Dr. Steve Shone talks about the fantastical life of a radical revolutionary woman and her impact on world feminism.
Gary: Today’s episode is an interview I conducted with Dr. Steve Shone on his new book, Women of Liberty. Dr. Shone received his Ph.D from the University of California, Riverside, in 1992. He has taught at a number of colleges, including Winona State University, Gonzaga University and the University of Texas, Rio Grande Valley.
He is the author of Lysander Spooner, American Anarchist and was a contributor to the Sage Handbook of Human Trafficking and Modern Day Slavery. His new book examines the lives and ideas of ten radical feminist and anarchist thinkers from around the world. This episode focuses on French anarchist Louise Michel, who lived an incredible life of protest and revolt. Born out of wedlock in a small village in 1830. She became a teacher and opened a school in Paris. She taught underprivileged children while participating in women’s rights groups and developing a philosophy of civil disobedience. She became a leader during the Paris Commune and advocated for women’s equality. After the commune was suppressed, she was exiled to New Caledonia for ten years. Upon returning to France in 1880, she traveled across Europe lecturing about anarchism and feminism. On one of her trips. She was shot by a disgruntled clown, yet still managed to finish her speech. She died in Marseilles in 1905, and her funeral was attended by perhaps tens of thousands of people, if not more. Michel influenced many feminists and anarchists around the world. Among them, Noe Ito, a Japanese feminist of the post Meiji Period. While this interview focuses on Michel and who she influenced as this is a French history podcast, the book includes nine other major women thinkers and activists, including Noe Ito, Rose Pasada, Margaret Sanger, Elizabeth Katie Stanton, Molly Steimer, Lewis Waysbroker, Mercy Otis Warren and Victoria C. Woodhull. Please enjoy.
Gary: So what inspired you to look at anarchist and radical women during this period?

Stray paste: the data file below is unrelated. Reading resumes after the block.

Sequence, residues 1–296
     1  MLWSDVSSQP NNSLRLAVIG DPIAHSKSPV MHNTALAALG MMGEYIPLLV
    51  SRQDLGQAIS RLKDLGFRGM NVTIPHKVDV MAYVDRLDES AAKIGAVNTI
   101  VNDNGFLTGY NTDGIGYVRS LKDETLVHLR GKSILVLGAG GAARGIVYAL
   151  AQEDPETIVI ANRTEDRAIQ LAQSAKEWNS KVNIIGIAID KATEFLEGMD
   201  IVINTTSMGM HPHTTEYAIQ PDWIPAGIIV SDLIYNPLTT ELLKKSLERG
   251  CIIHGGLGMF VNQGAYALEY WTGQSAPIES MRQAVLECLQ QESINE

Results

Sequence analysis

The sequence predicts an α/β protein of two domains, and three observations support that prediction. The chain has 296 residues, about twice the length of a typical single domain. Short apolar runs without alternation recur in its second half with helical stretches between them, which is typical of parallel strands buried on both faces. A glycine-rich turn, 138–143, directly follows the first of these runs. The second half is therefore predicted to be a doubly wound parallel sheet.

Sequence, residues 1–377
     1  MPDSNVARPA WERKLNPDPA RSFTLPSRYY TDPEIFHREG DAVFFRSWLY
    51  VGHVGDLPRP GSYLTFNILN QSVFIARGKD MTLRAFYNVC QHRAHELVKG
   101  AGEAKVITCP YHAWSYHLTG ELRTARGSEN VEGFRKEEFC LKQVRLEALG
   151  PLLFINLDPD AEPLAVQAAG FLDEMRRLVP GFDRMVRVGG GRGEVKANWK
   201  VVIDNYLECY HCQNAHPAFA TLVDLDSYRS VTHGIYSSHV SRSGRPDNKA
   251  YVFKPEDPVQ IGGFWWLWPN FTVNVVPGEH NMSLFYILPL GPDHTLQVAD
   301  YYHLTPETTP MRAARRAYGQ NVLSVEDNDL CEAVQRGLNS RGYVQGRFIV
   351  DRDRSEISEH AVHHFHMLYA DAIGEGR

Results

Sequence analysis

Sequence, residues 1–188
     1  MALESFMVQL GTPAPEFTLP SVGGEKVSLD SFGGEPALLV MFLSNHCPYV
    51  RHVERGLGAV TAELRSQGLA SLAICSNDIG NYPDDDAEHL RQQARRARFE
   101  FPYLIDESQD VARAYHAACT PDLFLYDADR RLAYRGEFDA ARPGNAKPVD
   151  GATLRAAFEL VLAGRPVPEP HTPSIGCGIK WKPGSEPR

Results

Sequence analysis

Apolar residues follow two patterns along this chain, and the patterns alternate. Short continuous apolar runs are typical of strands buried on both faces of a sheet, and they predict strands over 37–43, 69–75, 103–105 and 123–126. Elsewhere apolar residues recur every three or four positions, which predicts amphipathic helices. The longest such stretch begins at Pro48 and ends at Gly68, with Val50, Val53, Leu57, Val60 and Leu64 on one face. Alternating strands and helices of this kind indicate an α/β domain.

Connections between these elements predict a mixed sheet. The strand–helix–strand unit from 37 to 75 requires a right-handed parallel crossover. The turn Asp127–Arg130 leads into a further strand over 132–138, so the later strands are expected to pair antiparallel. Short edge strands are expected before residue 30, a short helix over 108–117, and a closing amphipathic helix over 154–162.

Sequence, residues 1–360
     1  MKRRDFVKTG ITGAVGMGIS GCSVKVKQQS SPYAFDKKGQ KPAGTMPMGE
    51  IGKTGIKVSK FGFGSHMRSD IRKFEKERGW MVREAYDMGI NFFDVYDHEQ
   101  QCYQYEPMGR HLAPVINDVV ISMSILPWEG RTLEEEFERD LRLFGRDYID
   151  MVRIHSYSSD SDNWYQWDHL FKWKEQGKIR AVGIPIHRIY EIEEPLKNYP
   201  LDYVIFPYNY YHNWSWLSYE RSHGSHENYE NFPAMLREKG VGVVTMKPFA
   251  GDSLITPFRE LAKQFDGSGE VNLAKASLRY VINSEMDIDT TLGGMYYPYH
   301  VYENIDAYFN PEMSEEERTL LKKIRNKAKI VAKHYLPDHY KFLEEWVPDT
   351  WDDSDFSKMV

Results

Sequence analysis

Shone: Well, I think there’s a problem with political theory and political science in general that we don’t seem to take a look at feminist and political science research and we don’t take a look at anarchism either. And, you know, a lot of people think political theory is finished. So, it doesn’t fit well with the rest of political science. But part of the problem is when we teach the history of political theory, it’s called the old white guys from the US and the UK, from Greece and Rome. There is not really any attempt to look at different factors. So that’s the motivation. That was the motivation for, that was the inspiration for another book called American Anarchism. And, you know, the I’m doing the same thing, which is looking at people who’ve been forgotten. Is it worth thinking about? And also this time I decided just to focus on women. So there are nine people in American Anarchism. Two of them were women. And this time there are ten women and women of liberty. So that’s really, it’s partly because I feel that political theory doesn’t function properly anymore. And it’s part of political science which is obsessed with voting as if voting had something to do with democracy. I’ve never noticed them explaining why voting is all about democracy. It seems like political science is a dead discipline.
Gary: All right. Well, hopefully you can revive it. You did do an incredible thing, which is you looked at ten women from all across the world. There’s European women. There’s women operating in North America. And also, you deal with radicals in Japan. Because you deal with women from all across the world. Was looking at such a broad topic. A challenge for you? And how did you deal with it?
Shone: Well, you know, obviously it’s going to take a long time. It took four years to do the research, and if you think about the level of analysis, we’re using one chapter to explain each person. So there’s a tremendous amount of reading that goes into it. You know, it’s not something you can just throw out there. But once you’re willing to do that, then it isn’t really a problem at all. The other thing to think about is that some of the information, say on Victoria Woodhull, there are lots of books about it, but sensationally this sensationalized her. They are not really academic books. So the situation is different with Mollie Steimer, there’s not that much. She didn’t write books. But there are letters. There are court cases. There are people who’ve written about it, so it’s, each one is not necessarily the same as the predecessor.